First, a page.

We sorely needed a light-hearted runaround after the heavy drama of the recent series of Doctor Who, and this certainly delivered that. It's hard to call this anything particularly remarkable for Doctor Who. It's hard to make a Christmas special feel special when it's only been about three weeks since the last series finished; Doctor Who is very concentrated into the last few weeks of the year now, which does suit the spooky direction we've gone in lately, but does reduce its overall impact on the screens.
In any case, this was good fun, if nothing spectacular. A ludicrously over-the-top sci-fi story with more than a hint of Hitchhikers to it, with the broad comedy set-up used as a background for River and the Doctor to play together. The conceit of bringing River back, yet again, but pitting against a Doctor without the boyish looks of her previous Time Lord boyfriends is a good one, and having River unaware that this is the Doctor at all is a great idea. As the Doctor says, it's a chance to see what River is like the rest of the time, having her own adventures, playing up how flirtatious, amoral and downright dangerous she is. The script flirts with the idea that River is just using the Doctor as a handy ride in times of trouble, but swivels and has her declare her love for him in an astounding speech. Either way, she is revealed to be enormously dependent on him, even as she lives a long and elaborate life of her own.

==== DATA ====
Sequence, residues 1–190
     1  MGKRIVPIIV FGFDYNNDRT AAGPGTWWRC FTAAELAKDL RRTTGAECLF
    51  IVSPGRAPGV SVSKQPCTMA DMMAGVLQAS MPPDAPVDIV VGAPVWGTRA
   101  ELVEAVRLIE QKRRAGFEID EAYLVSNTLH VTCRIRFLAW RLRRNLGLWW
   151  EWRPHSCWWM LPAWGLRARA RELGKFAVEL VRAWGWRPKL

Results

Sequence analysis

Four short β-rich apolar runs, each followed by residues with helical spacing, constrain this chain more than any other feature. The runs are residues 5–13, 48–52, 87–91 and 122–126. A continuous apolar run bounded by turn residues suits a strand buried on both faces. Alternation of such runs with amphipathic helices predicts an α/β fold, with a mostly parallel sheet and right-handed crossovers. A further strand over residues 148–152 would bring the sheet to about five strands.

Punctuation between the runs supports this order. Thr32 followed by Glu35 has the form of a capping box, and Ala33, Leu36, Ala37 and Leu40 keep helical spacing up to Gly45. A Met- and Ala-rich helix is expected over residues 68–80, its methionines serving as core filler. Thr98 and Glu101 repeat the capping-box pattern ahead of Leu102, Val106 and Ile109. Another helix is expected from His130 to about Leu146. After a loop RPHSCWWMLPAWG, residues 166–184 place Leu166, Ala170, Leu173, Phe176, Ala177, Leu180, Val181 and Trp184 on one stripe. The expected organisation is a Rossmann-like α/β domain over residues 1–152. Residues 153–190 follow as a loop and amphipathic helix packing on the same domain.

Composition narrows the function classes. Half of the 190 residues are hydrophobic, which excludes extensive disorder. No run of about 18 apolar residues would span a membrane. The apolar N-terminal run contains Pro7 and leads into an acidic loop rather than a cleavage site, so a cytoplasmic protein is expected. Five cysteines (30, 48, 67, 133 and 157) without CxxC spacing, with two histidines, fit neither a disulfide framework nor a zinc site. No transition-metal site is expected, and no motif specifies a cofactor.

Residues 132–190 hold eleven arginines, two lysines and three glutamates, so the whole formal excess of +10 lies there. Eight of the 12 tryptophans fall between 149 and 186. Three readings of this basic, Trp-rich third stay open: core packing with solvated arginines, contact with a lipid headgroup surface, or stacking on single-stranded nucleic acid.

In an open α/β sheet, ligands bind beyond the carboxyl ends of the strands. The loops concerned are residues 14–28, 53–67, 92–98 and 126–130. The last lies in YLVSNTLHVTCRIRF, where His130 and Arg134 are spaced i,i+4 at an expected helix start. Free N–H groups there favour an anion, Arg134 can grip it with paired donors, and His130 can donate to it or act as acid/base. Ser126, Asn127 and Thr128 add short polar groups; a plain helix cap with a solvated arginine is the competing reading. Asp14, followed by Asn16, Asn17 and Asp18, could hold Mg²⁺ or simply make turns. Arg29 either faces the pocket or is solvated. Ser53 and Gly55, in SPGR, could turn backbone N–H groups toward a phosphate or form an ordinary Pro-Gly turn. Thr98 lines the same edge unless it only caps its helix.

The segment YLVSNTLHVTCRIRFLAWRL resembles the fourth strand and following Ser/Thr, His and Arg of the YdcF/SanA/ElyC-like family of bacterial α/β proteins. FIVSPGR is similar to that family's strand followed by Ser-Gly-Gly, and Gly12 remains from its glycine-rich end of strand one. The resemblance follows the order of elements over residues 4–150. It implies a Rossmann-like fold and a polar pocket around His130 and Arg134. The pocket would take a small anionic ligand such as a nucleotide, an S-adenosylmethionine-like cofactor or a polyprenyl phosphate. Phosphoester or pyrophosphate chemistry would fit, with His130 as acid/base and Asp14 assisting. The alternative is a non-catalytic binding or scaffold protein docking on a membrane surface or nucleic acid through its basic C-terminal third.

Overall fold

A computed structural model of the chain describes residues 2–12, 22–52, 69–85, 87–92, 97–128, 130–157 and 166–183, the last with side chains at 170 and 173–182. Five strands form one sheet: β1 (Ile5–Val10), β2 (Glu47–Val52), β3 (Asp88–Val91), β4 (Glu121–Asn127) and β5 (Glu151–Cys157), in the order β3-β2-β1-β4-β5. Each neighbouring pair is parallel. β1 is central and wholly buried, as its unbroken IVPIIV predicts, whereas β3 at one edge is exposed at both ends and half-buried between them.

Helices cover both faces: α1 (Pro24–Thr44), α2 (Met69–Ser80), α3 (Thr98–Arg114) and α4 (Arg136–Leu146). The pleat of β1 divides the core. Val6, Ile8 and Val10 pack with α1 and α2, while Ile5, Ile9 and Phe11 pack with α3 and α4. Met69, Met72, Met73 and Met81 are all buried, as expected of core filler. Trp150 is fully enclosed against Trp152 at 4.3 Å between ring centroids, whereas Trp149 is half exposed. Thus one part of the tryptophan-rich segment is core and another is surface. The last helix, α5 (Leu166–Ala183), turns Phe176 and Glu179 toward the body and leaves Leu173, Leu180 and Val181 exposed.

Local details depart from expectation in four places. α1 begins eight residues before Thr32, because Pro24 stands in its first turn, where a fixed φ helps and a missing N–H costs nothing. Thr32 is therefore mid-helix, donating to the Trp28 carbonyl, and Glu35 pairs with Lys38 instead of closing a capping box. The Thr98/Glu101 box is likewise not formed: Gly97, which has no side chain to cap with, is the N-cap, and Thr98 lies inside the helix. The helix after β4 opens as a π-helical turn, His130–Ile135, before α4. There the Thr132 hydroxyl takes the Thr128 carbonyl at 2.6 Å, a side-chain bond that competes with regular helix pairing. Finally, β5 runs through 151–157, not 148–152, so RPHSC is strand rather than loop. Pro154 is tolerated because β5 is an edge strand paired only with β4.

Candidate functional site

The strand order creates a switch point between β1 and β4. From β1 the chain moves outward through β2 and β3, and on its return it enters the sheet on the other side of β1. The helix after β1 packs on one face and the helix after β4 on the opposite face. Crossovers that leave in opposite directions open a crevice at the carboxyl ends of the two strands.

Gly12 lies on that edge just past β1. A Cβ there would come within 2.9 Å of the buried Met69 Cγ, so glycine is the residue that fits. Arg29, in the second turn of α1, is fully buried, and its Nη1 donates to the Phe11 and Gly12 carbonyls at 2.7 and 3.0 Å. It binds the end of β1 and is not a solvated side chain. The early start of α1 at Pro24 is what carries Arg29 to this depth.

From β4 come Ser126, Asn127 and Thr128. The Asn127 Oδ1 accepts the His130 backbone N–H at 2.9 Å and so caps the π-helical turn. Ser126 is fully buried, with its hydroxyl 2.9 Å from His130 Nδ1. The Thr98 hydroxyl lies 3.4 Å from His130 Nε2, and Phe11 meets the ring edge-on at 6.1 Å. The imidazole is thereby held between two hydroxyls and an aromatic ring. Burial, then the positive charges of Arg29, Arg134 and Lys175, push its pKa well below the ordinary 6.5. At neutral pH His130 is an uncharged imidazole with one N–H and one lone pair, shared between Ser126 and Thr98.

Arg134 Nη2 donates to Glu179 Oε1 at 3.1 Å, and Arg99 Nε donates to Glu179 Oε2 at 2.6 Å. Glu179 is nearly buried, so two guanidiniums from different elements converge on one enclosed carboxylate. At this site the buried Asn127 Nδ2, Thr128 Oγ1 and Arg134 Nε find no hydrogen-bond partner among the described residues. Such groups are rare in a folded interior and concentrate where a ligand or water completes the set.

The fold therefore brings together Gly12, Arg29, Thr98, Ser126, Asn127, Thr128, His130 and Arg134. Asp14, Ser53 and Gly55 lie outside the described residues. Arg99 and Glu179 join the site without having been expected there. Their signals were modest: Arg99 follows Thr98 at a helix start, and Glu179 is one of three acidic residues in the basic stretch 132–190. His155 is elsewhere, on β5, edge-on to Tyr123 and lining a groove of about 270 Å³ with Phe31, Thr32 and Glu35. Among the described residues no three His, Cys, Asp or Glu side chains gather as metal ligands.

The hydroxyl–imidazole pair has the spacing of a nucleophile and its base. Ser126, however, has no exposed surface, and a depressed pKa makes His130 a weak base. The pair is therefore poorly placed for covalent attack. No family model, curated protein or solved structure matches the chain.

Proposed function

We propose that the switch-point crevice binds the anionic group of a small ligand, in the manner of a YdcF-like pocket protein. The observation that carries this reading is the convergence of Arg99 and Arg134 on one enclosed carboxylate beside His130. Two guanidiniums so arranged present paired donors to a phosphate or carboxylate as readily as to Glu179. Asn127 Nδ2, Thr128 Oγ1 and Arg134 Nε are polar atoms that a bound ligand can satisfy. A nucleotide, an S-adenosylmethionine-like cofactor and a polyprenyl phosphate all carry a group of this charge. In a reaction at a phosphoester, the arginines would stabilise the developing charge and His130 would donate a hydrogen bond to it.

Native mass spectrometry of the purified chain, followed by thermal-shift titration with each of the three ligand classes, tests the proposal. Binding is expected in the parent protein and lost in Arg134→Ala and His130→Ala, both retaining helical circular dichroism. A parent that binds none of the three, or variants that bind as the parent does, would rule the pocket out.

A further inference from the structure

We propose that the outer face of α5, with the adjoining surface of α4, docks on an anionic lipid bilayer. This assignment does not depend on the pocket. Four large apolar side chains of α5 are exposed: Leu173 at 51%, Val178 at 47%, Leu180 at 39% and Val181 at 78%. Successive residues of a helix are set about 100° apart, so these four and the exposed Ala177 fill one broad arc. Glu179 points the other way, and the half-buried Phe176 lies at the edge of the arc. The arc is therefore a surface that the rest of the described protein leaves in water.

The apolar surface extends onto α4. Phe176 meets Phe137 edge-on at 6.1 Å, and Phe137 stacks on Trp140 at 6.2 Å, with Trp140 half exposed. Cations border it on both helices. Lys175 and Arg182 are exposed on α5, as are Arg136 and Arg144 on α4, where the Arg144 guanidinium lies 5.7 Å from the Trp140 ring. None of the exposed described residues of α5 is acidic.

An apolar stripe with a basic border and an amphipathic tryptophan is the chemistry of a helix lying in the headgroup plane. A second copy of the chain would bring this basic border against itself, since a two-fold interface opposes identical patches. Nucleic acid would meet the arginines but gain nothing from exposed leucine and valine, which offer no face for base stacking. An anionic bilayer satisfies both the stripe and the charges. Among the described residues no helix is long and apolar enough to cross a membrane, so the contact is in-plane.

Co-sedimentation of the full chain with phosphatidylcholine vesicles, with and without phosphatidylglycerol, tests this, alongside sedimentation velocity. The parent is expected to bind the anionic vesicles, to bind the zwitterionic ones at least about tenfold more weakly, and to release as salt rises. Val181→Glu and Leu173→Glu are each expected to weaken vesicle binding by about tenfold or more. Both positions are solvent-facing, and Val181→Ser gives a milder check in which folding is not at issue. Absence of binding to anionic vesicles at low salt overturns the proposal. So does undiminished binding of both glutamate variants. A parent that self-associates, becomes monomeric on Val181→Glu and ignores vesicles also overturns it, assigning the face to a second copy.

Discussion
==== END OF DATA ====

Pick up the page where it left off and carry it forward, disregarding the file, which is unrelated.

It has to be said, Greg Davies and Matt Lucas, although both pretty funny here, are wasted in the roles of Hydroflax and Nardole (a particularly unfortunate little character, he really gets put through the ringer). As is Game of Thrones's Nonso Anozie, who provides the booming voice of the robotic body that carts the various characters' heads around. It's really a showcase for Capaldi and Kingston, who play things mostly straight while the farce carries on around them, displaying admirable comedic skills and great chemistry with one another.
Both of the main settings for the episode have potential, but neither is explored in any kind of detail. This is a pity; the horrific reign of King Hydroflax could have been a mine of material, but perhaps Hydroflax is just too straightforward a villain for modern Doctor Who, suitable only as a vague threat and comic relief. Another potential source of villainy and adventure is the starship Harmony and Redemption, the misnomered cruise liner for the worst scoundrels and despots in the Galaxy (having committed genocide in the past, the Doctor would have no trouble booking a cabin). A shipful of supervillains could provide a series' worth of material, but it's little more than a throwaway gag here. There's a lot more that could have been done with this setting.